Written by joseph k winter
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Friday, 13 June 2014

image for The Maliki must stay policy in Iraq no contradiction to the Assad must go policy in Syria
Washington think cubicles are at work on the problem

White House and State Department officials are claiming no contradictions in a rush to support Mr. Maliki as leader of Iraq.

Maliki must definitely stay, according to everyone in Washington with a view on the matter, starting with not-yet-announced-presidential-candidate Hillary Clinton on through Mr. McCain.

How is not entirely clear, given the Iraqi Prime Minister's inability to get a quorum in parliament for emergency action in the face of the current ISIS invasion.

Further, his military, which had been trained by the US at great expense, is reported to have "melted away" when threatened by a numerically inferior army of jihadists (at a 30,000 to 1,300 ratio).

Mr. Maliki is also widely considered incompetent in attempting to govern via narrow sectarian programs plus corruption plus persecuting and murdering Sunni opposition.

However, in this situation, the ISIS extremists now sweeping through Iraq and threatening to take Baghdad are not considered helpful.

In contrast, in Syria, they are more helpful, being part of an opposition the US supports and has been supplying with "non-lethal" aid.

Now, if all those weapons out of Libya and Saudi Arabia ended up with the "extreme" extremists, that is a misunderstanding and the nature of war. They were meant to assist only the "moderate" extremists.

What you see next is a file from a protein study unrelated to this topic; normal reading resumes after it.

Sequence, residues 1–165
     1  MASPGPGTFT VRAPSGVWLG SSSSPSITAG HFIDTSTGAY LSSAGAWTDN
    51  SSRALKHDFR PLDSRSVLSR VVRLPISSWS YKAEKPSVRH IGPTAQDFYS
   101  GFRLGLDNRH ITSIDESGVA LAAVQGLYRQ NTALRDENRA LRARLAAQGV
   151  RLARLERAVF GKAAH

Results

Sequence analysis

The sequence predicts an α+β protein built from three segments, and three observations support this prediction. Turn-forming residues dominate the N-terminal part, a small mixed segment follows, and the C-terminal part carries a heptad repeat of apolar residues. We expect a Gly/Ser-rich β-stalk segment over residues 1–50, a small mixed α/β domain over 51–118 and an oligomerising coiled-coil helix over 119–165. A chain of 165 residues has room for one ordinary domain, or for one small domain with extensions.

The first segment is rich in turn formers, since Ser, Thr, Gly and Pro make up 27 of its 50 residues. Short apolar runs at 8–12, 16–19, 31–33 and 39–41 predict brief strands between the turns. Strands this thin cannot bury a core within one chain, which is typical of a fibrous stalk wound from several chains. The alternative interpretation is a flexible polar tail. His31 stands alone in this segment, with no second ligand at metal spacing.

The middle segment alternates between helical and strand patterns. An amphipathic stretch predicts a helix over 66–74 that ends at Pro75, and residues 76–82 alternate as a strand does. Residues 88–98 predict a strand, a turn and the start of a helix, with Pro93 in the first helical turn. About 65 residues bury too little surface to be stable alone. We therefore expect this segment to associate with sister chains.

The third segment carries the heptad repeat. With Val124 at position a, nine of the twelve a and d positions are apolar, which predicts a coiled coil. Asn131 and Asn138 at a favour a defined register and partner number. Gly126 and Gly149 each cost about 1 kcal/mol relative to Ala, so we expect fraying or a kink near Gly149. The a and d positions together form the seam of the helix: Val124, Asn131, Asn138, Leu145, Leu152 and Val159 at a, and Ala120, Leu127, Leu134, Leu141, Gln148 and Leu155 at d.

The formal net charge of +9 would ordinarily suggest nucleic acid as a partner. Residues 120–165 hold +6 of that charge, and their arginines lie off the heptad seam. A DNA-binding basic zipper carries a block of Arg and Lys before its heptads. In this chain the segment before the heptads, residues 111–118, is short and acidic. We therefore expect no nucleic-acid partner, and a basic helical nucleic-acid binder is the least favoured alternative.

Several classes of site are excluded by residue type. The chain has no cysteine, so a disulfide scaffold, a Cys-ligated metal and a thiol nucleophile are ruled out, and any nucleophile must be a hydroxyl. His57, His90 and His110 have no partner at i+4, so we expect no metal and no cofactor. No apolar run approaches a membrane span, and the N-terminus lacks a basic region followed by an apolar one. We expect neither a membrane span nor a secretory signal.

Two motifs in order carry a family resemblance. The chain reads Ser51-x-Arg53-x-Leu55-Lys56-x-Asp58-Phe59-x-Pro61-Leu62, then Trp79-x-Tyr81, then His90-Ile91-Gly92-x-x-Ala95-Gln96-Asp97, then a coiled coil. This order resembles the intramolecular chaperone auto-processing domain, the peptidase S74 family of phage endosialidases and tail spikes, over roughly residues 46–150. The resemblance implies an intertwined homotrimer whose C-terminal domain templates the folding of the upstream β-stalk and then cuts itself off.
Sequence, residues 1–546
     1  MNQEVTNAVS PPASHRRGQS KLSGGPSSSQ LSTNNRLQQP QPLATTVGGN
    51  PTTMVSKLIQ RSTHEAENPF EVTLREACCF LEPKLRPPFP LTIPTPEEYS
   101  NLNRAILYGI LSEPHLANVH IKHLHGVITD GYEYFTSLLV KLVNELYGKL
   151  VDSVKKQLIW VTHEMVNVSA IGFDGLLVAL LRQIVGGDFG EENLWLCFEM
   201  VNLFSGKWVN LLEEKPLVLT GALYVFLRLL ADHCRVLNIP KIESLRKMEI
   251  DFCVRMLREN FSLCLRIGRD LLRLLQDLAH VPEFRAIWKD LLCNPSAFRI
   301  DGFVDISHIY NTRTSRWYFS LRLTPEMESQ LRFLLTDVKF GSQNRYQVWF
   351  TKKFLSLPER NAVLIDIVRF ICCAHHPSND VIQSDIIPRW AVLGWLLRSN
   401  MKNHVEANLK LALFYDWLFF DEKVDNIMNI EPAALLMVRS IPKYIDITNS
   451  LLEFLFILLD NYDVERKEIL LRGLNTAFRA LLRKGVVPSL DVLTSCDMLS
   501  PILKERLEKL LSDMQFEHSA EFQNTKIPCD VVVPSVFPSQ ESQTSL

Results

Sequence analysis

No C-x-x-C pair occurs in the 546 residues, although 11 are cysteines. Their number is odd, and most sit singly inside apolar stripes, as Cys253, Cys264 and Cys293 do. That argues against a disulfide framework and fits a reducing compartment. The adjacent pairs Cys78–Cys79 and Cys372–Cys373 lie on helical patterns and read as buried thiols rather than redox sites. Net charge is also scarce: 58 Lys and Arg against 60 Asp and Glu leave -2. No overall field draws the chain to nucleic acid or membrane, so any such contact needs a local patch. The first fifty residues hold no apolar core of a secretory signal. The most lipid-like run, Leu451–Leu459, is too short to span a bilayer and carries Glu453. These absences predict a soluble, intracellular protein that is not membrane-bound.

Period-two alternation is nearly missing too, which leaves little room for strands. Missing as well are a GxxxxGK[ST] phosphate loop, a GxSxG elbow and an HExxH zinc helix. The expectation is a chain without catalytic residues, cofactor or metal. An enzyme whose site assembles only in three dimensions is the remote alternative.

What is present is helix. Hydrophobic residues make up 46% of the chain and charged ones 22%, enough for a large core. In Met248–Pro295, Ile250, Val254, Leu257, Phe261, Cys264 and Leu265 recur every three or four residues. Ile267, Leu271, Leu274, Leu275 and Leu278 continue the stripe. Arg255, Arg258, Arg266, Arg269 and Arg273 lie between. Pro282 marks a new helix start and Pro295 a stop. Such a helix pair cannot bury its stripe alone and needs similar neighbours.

Nevertheless, if ISIS and such radical groups have grown stronger in Syria that is surely to the good, no matter where they got the weapons, in terms of the "Assad must go" program.

True, it is somewhat confusing because the Assad-must-go program conflicts with the Syrian people who have voted overwhelmingly in his favor.

And US involvement in Syria, officially, has been to aid "democracy."

But a spokesperson for the White House explained there is no confusion here.

American soldiers did not fight and die to abandon Iraq to al-Qaeda and ISIS types, and no matter how incompetent the regime change turned out to be, the US will support that leader.

But in Syria no electorate can be trusted, and as with elections in Ukraine the US considers these fraudulent somehow.

The world must keep in mind that "The-Assad-must-go" program has been solid for a number of years, and will remain solid.

So then, in Syria ISIS and those types are welcome to help. But they should stay out of areas such as Iraq and wherever there might be US oil interests and such, because that is counter-productive and a nuisance.

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The story above is a satire or parody. It is entirely fictitious.

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